Written by Samuel Phineas Upham
Did you know that kale is a lot like a primitive cabbage? The cabbage has evolved to include many veggies we know and eat every day: broccoli and cauliflower being just two of the more well-known varieties.
Kale is sometimes called “borecole,” but the name “kale” is Scottish in origin. The Greeks used the world “coles” or “caulis,” and the Germans called it “kohl.”
The interesting fact about kale is that none of it is new. We’ve known almost every species of kale currently on the market for at least 2,000 years. They are native to Asia Minor, but they have been shifted frequently by traders throughout the ancient world. Therefore, we don’t know where they originated from.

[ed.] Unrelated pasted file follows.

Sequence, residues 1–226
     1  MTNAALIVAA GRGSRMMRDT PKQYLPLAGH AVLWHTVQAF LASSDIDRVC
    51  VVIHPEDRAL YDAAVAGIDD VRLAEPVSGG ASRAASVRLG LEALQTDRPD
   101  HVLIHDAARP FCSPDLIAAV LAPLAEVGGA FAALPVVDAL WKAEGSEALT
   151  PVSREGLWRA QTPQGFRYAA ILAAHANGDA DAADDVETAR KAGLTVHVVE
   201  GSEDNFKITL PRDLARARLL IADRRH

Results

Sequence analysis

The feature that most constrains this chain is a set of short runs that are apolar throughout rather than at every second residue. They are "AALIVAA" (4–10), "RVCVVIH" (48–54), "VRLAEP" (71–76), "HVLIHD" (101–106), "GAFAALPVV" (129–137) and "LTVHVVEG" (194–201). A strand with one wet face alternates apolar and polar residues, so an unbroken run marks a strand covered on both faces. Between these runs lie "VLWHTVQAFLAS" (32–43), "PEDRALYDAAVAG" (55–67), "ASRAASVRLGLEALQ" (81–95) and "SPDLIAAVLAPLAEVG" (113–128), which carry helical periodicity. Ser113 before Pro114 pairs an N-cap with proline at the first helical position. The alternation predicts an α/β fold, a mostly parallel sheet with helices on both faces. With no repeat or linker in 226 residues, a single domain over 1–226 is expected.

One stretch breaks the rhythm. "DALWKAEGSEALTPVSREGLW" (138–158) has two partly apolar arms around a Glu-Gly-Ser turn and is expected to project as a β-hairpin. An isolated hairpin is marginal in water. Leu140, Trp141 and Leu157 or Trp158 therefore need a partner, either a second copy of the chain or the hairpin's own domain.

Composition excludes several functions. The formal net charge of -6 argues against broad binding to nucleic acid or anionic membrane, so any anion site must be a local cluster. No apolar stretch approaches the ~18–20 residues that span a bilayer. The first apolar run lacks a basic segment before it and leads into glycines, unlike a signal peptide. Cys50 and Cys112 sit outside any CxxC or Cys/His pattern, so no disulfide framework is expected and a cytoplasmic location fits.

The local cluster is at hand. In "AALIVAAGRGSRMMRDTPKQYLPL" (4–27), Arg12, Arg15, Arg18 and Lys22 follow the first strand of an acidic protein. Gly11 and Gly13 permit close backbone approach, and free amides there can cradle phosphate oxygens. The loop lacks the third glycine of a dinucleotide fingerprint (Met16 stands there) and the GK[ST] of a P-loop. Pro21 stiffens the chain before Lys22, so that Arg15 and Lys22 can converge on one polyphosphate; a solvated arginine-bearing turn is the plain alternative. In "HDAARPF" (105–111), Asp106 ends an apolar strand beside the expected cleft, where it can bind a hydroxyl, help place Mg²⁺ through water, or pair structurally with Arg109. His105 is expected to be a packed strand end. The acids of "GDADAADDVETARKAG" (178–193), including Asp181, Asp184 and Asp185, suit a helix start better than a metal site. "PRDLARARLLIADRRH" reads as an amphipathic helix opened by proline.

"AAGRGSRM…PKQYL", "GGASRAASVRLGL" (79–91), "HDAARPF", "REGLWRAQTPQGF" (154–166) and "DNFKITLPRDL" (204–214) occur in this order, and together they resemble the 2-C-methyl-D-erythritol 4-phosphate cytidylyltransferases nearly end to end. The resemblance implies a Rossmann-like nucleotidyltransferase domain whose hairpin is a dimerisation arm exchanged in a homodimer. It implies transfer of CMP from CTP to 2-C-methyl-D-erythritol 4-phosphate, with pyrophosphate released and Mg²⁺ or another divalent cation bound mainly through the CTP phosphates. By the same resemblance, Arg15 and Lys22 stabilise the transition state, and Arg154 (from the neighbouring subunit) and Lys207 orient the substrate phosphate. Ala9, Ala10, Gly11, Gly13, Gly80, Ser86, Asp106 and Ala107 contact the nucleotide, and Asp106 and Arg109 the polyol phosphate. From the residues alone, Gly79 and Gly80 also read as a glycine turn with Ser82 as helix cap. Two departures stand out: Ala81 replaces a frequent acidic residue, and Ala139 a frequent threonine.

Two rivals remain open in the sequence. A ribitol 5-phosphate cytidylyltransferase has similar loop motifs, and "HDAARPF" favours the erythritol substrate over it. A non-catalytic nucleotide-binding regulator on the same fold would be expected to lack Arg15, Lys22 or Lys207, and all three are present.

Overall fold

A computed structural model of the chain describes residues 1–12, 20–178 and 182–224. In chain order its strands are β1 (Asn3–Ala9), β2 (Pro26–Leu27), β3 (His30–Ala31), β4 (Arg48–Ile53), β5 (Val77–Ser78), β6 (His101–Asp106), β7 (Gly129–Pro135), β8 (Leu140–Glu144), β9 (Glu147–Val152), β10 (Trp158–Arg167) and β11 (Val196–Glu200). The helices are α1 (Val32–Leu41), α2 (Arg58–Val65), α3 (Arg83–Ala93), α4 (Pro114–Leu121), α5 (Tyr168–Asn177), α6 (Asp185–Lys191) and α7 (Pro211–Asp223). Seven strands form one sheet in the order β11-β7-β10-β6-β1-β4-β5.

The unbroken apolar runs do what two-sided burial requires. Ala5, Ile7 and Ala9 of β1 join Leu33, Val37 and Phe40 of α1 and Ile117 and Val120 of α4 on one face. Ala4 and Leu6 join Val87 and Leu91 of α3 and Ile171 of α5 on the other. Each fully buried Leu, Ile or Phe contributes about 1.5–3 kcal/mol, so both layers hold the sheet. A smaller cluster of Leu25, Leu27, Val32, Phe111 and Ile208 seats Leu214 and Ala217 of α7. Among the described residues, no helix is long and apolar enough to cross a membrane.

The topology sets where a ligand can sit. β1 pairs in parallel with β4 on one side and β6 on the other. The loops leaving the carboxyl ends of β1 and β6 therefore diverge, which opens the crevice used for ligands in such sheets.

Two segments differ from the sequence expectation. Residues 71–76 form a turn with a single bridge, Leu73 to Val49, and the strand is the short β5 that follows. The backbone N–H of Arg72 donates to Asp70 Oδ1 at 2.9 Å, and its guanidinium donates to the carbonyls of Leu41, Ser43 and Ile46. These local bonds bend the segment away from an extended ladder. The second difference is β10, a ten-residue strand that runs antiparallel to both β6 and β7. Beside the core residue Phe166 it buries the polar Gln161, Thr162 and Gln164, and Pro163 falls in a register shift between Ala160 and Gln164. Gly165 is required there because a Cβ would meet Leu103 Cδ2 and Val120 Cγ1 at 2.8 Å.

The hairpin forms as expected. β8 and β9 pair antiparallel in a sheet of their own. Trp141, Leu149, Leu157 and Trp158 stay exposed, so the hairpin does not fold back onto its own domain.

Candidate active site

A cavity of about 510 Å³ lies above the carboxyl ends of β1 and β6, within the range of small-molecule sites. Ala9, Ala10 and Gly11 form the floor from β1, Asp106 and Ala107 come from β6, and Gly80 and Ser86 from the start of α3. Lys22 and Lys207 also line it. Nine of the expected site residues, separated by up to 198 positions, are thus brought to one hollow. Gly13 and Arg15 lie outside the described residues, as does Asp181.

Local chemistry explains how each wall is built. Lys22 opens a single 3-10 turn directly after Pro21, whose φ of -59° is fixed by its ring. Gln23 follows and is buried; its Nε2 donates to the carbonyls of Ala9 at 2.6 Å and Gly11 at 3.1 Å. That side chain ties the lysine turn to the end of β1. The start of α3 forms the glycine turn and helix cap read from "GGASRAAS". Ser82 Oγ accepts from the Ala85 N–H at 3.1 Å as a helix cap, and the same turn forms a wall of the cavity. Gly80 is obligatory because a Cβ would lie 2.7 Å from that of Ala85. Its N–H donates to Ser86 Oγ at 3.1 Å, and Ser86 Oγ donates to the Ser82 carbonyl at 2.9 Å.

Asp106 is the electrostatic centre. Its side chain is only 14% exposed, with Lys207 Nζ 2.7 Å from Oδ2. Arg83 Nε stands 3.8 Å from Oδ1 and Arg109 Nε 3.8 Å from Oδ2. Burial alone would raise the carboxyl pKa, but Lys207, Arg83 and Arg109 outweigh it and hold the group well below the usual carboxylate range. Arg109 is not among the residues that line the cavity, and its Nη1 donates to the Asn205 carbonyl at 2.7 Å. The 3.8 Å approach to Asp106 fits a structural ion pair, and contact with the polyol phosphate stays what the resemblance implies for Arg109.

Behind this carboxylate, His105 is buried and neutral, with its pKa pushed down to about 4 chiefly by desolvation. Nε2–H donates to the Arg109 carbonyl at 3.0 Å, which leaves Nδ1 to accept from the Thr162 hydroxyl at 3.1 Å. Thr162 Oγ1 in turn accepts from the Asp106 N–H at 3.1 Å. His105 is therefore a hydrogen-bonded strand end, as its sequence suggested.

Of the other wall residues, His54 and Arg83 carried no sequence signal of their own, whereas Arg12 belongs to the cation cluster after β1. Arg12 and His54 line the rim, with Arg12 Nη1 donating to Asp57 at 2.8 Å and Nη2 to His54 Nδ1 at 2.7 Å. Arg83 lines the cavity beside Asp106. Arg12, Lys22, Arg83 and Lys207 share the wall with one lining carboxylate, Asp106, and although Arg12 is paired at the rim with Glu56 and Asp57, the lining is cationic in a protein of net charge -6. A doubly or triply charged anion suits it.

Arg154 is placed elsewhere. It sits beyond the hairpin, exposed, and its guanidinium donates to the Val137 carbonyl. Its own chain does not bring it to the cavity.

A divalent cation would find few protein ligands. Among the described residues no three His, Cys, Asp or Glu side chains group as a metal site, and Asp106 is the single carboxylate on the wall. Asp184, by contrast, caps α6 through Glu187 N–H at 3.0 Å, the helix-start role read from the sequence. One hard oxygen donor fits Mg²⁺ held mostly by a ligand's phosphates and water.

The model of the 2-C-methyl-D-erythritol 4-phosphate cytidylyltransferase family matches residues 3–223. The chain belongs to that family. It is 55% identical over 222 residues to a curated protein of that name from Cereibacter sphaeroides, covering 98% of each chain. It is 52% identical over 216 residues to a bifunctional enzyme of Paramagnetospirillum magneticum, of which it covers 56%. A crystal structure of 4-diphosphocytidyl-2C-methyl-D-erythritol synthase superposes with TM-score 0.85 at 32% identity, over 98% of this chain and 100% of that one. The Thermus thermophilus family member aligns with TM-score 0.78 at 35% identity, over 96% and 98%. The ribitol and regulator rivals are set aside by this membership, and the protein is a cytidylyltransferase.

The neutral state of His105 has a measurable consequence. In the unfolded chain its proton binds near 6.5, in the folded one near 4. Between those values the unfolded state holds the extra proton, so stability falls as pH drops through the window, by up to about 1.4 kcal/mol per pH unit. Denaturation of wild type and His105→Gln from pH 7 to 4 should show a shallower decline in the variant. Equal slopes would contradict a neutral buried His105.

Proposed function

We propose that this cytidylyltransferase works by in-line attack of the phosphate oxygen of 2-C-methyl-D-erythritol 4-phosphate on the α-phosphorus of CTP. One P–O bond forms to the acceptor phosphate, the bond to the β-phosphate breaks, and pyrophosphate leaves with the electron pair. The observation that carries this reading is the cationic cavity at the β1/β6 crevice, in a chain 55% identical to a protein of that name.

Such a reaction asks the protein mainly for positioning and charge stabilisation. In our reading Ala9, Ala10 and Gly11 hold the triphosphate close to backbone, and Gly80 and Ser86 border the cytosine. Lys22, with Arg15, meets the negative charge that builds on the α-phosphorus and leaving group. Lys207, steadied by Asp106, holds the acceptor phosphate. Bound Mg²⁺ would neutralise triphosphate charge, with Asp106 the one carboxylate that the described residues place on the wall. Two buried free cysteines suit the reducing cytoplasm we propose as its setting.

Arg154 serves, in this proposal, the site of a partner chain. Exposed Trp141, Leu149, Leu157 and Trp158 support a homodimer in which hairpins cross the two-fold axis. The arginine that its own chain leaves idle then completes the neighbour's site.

Though the Greeks grew both kale and collards, they did not make a distinction between the two veggies. It’s likely that the Romans inherited kale from the Greeks, then brought the plant with them during their conquests throughout Europe. Though the Americas first mention kale in the late 1600s, it’s likely that the plant was cultivated far before then and was merely a garden favorite not worthy of a full cookbook.
Today, eating kale is considered the ultimate super food. Nutrition experts have tried for several years to popularize kale because of its nutritional benefits, but the taste is not palatable to everyone. In the West, kale is a primary ingredient in fruit-based shakes, where the nutrition of the plant is gleaned through drinking rather than eating.